Laugh-In comic Dick Martin dies at 86

Dick Martin, the zany half of the comedy team whose Rowan and Martin’s Laugh-In took television by storm in the 1960s, making stars of Goldie Hawn and Lily Tomlin and creating such national catch-phrases as “Sock it to me!” has died.

Dick Martin

LOS ANGELES — Dick Martin, the zany half of the comedy team whose Rowan and Martin’s Laugh-In took television by storm in the 1960s, making stars of Goldie Hawn and Lily Tomlin and creating such national catch-phrases as “Sock it to me!” has died. He was 86.

Martin, who went on to become one of television’s busiest directors after splitting with Dan Rowan in the late 1970s, died Saturday night of respiratory complications at a hospital in Santa Monica, family spokesman Barry Greenberg said.

He was surrounded by family and friends when he died just after 7 p.m.

Laugh-in, which debuted in January 1968, was unlike any comedy-variety show before it.

Rather than relying on a series of tightly scripted song-and-dance segments, it offered up a steady, almost stream-of-consciousness run of non-sequitur jokes, political satire and madhouse antics from a cast of talented young actors and comedians that also included Ruth Buzzi, Arte Johnson, Henry Gibson, Jo Anne Worley and announcer Gary Owens.

Presiding over it all were Rowan and Martin, the veteran nightclub comics whose standup banter put their own distinct spin on the show.

Like all straight men, Rowan provided the voice of reason, striving to correct his partner’s absurdities. Martin, meanwhile, was full of bogus, often risqué theories about life, which he appeared to hold with unwavering certainty.

Against this backdrop, audiences were taken from scene to scene by quick, sometimes psychedelic-looking visual cuts, where they might see Hawn, Worley and other women dancing in bathing suits with political slogans, or sometimes just nonsense, painted on their bodies.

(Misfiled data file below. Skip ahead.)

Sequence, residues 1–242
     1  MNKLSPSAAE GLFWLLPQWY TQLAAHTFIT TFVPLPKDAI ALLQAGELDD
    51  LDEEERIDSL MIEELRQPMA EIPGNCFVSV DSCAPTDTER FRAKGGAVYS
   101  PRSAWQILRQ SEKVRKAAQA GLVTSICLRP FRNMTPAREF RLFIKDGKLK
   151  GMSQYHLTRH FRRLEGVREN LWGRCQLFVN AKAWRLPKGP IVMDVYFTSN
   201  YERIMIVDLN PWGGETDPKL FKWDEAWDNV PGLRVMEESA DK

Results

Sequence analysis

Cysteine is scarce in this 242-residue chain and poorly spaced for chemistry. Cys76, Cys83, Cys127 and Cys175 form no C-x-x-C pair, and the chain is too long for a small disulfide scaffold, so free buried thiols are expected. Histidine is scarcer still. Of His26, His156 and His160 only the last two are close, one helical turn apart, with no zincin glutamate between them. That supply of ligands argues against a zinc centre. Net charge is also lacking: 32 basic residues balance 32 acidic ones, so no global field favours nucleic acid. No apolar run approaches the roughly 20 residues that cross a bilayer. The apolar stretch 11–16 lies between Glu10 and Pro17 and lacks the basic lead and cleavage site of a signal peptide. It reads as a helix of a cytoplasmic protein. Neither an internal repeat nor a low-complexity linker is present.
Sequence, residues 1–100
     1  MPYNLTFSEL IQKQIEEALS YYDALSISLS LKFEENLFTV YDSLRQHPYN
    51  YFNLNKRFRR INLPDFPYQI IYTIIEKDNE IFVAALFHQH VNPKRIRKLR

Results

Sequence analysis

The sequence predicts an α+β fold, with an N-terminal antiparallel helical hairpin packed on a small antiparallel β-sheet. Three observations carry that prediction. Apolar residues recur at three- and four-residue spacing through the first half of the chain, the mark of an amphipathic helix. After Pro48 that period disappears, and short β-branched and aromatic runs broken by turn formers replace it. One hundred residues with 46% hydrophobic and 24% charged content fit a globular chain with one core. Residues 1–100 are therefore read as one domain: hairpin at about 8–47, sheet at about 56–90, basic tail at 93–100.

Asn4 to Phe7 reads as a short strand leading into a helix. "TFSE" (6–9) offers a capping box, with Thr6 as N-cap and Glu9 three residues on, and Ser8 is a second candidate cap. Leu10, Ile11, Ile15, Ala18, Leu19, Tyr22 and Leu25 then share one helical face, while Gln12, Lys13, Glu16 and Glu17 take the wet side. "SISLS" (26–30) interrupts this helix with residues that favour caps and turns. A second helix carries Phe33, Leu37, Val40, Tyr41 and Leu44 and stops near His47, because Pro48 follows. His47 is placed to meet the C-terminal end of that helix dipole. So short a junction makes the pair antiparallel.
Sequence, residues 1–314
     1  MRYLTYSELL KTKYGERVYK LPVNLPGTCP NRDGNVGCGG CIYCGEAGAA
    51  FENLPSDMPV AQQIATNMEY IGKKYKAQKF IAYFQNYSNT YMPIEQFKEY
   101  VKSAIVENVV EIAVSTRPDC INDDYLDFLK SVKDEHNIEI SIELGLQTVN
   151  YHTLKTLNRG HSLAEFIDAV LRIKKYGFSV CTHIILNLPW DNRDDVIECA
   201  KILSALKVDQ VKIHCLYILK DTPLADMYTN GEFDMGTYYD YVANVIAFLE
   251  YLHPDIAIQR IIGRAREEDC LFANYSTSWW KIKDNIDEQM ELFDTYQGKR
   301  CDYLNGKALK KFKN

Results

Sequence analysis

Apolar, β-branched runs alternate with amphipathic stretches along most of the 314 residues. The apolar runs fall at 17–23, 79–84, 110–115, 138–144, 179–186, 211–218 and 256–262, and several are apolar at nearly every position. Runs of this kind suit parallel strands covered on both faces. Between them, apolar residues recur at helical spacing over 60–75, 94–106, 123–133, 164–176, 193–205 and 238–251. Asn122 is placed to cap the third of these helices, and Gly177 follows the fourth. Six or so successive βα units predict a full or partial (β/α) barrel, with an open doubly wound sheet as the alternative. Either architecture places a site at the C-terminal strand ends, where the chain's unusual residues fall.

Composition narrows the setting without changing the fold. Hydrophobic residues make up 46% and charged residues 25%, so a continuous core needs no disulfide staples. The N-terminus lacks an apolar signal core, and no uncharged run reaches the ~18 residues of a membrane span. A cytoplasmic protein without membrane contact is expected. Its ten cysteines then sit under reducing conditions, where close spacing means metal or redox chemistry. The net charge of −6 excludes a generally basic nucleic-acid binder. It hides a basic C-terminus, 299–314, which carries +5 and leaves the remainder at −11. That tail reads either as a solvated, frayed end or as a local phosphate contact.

Laugh-In astounded audiences and critics alike. For two years the show topped the Nielsen ratings and its catchphrases— “Sock it to me,” “You bet your sweet bippy” and “Look that up in your Funk and Wagnall’s” — were recited across the country.

Rowan and Martin were both struggling actors when they met in 1952. Rowan had sold his interest in a used-car dealership to take acting lessons and Martin, who had written gags for TV shows and comedians, was tending bar in Los Angeles to pay the rent.

Although their early gigs in Los Angeles’ San Fernando Valley were often performed gratis, they donned tuxedos for them and put on an air of success.

They gradually worked up to the top night spots in New York, Miami and Las Vegas and began to appear regularly on television.

In 1966, they provided the summer replacement for The Dean Martin Show. Within two years, they were headlining their own show.

The novelty of Laugh-In diminished with each season, however, and as major players such as Hawn and Tomlin moved on to bigger careers, interest in the series faded.

After the show folded in 1973, Rowan and Martin capitalized on their fame with a series of high-paid engagements around the country. They parted amicably in 1977.

“Dan has diabetes and his doctor advised him to cool it,” Martin told The Associated Press at the time.

Rowan, a sailing enthusiast, spent his last years touring the canals of Europe on a houseboat. He died in 1987.

Martin moved onto the game-show circuit, but quickly tired of it. After he complained about the lack of challenges in his career, fellow comic Bob Newhart’s agent suggested he take up directing.

Soon he was one of the industry’s busiest TV directors, working on numerous episodes of Newhart as well as such shows as In the Heat of the Night, Archie Bunker’s Place and Family Ties.

After an early failed marriage, Martin was for years a confirmed bachelor. He finally settled down in middle age, marrying Dolly Read, a former bunny at the Playboy Club in London. Survivors include his wife and two sons, actor Richard Martin and Cary Martin.

At Martin’s request there will be no funeral, Greenberg said.

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